One example he highlighted was when he had to use a surplus of cucumbers to make pickles. He wanted to know if the venture was profitable for future years, so he calculated the cost of his raw ingredients, packaging, labor and overhead, and calculated how much he would need to charge to make a profit.

“That is definitely something to look at to see where you’re making money and where you’re not making money,” Kilpatrick said.

More government regs. How burdensome a regulation can be depends on the government agency that’s enforcing it.

In his experience, Kilpatrick said that building relationships and communicating is always the best thing to do. And having people in the community on your side can make a big difference.

“Build your email list, engage, be on social. Invite elected officials to the farm, and maybe even run for office,” he said. “Know the code better than the official.”

Building a marketing system. Kilpatrick said this is the No. 1 thing that has driven his farm forward, by knowing the customers and building a value ladder for them to keep coming back.

“What you have to do is get crystal clear on who your customer is and what the customer journey is,” he said. “Knowing who they are and where they are.”

This can be done through surveys or just talking to customers about why they come to the farm and what will keep them coming back.

“Always have the next step for the customer to take,” Kilpatrick said. “Maybe they come to buy a pint of cider, and then maybe they'll bring a friend later, or join your CSA. You should always have a next step for the customer to take. If you sell apples, maybe next time they bring friends or grandkids, or perhaps they'll take a wagon ride and spend more money.”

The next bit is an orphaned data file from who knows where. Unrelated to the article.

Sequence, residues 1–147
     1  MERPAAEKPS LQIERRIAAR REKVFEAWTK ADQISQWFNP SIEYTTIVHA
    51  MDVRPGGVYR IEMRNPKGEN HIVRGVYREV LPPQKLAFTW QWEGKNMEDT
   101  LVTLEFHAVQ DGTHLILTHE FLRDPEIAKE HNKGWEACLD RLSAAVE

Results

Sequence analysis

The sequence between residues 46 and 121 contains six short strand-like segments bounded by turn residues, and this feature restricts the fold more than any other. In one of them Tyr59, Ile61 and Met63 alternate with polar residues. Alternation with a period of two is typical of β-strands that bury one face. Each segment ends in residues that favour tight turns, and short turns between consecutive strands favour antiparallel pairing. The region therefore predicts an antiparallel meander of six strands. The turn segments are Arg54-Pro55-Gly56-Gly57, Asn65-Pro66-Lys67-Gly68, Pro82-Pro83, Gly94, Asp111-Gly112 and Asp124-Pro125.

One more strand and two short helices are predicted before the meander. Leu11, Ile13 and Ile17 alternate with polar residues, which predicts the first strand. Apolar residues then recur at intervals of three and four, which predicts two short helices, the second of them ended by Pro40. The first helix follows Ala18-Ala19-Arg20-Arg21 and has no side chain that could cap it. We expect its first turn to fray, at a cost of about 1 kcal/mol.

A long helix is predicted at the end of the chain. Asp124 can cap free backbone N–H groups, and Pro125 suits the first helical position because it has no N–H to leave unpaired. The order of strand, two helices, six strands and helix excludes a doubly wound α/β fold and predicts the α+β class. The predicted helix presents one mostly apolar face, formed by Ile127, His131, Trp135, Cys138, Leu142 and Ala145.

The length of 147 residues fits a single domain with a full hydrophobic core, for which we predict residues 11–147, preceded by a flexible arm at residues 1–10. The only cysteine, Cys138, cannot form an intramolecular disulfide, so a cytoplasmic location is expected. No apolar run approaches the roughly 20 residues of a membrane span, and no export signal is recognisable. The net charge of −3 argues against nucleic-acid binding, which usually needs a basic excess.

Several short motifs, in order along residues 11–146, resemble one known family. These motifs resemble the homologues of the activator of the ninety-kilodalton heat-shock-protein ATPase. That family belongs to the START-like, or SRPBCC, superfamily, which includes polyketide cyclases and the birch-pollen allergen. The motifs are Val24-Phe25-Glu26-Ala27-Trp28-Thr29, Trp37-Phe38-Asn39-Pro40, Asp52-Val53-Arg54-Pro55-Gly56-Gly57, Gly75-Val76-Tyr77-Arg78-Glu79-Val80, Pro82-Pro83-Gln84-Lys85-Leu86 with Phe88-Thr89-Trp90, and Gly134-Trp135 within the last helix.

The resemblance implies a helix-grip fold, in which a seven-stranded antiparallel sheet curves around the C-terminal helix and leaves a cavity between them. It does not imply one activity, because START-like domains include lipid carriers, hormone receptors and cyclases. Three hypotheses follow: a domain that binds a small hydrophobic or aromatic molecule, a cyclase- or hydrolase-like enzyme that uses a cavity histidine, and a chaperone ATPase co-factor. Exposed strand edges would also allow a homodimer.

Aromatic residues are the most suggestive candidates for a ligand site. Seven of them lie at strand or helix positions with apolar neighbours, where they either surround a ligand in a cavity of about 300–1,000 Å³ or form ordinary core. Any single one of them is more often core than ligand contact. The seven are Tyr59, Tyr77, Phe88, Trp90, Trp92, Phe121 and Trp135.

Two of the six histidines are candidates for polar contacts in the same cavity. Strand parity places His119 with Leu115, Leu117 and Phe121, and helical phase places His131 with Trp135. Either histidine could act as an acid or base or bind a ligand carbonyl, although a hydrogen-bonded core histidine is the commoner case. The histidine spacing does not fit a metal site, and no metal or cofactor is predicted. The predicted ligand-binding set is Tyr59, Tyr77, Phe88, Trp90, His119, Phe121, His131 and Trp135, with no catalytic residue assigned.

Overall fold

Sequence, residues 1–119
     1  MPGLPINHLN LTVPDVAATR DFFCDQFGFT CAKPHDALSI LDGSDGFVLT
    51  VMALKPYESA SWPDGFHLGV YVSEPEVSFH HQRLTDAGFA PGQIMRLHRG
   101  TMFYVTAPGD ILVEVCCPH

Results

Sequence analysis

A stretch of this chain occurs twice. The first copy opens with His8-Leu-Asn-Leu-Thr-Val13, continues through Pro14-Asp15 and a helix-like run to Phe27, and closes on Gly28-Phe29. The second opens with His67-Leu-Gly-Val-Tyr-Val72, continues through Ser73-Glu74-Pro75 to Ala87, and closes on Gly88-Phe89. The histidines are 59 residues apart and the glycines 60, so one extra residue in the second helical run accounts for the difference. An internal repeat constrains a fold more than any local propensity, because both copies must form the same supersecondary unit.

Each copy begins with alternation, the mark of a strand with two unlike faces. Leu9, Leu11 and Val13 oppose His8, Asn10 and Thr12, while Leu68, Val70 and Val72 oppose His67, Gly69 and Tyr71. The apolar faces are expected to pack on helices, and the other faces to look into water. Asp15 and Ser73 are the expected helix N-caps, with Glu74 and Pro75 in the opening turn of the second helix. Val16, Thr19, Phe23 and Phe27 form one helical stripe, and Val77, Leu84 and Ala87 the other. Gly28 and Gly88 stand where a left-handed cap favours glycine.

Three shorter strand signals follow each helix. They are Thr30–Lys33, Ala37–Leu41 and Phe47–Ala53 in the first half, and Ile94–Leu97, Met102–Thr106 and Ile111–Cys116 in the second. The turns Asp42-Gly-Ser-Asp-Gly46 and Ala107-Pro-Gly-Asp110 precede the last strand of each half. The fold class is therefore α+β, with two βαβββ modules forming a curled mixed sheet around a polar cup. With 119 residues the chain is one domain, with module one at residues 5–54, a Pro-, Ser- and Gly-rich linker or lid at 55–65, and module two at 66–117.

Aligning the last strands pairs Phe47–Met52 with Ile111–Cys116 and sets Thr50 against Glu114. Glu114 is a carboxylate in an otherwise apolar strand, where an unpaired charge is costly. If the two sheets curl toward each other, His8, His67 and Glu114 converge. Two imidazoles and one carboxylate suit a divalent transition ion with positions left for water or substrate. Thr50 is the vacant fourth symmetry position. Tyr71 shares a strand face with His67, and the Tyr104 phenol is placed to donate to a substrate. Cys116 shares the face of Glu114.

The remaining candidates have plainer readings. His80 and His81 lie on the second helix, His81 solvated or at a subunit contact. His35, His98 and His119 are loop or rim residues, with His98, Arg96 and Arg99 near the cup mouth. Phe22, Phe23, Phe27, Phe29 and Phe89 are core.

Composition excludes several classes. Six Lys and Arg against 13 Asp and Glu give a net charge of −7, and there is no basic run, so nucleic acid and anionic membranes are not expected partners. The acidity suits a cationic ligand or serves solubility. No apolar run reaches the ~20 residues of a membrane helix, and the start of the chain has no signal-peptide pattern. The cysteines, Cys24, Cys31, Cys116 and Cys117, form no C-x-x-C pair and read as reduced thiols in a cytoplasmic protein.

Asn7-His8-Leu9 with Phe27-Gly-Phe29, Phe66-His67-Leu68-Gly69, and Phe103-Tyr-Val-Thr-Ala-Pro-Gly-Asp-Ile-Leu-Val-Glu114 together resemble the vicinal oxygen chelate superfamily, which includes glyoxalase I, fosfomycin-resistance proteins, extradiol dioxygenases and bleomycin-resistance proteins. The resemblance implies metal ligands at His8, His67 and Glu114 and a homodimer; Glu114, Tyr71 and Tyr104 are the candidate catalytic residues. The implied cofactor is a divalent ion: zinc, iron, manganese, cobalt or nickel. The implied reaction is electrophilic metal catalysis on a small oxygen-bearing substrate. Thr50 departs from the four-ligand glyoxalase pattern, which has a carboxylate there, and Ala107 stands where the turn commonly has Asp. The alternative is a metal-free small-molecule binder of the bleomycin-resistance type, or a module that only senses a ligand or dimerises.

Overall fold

A $3,000 gamble? What’s the best $3,000 a farmer can spend? Putting in a simple commercial kitchen that can turn raw products into foods.

“Provide access to a bathroom; stainless-steel counters; three-bay sink for rinse, sanitize and wash; and a mop sink and handwashing sink. So, check in your state for what they require,” Kilpatrick said. “And the beautiful thing is it allows you to take any of your raw products and turn it into something else.”

Agritourism. This may not be for everybody, but creating an experience for people and making your farm stand out is an opportunity that still can reap many benefits, Kilpatrick said.

“Why on-farm experiences? Because you’re a leader in the community. Farmers are the ones in the community that are pillars, the person that people are really interested in learning from,” he said. “People are thinking about back to the land, so make sure to capitalize on this for your business. The more connection points for the customer the better. They will have a deep connection to the farm and will tell others about the operation.”

About the Author(s)

Chris Torres

Editor, American Agriculturist

Chris Torres, editor of American Agriculturist, previously worked at Lancaster Farming, where he started in 2006 as a staff writer and later became regional editor. Torres is a seven-time winner of the Keystone Press Awards, handed out by the Pennsylvania Press Association, and he is a Pennsylvania State University graduate.

Torres says he wants American Agriculturist to be farmers' "go-to product, continuing the legacy and high standard (former American Agriculturist editor) John Vogel has set." Torres succeeds Vogel, who retired after 47 years with Farm Progress and its related publications.

"The news business is a challenging job," Torres says. "It makes you think outside your small box, and you have to formulate what the reader wants to see from the overall product. It's rewarding to see a nice product in the end."

Torres' family is based in Lebanon County, Pa. His wife grew up on a small farm in Berks County, Pa., where they raised corn, soybeans, feeder cattle and more. Torres and his wife are parents to three young boys.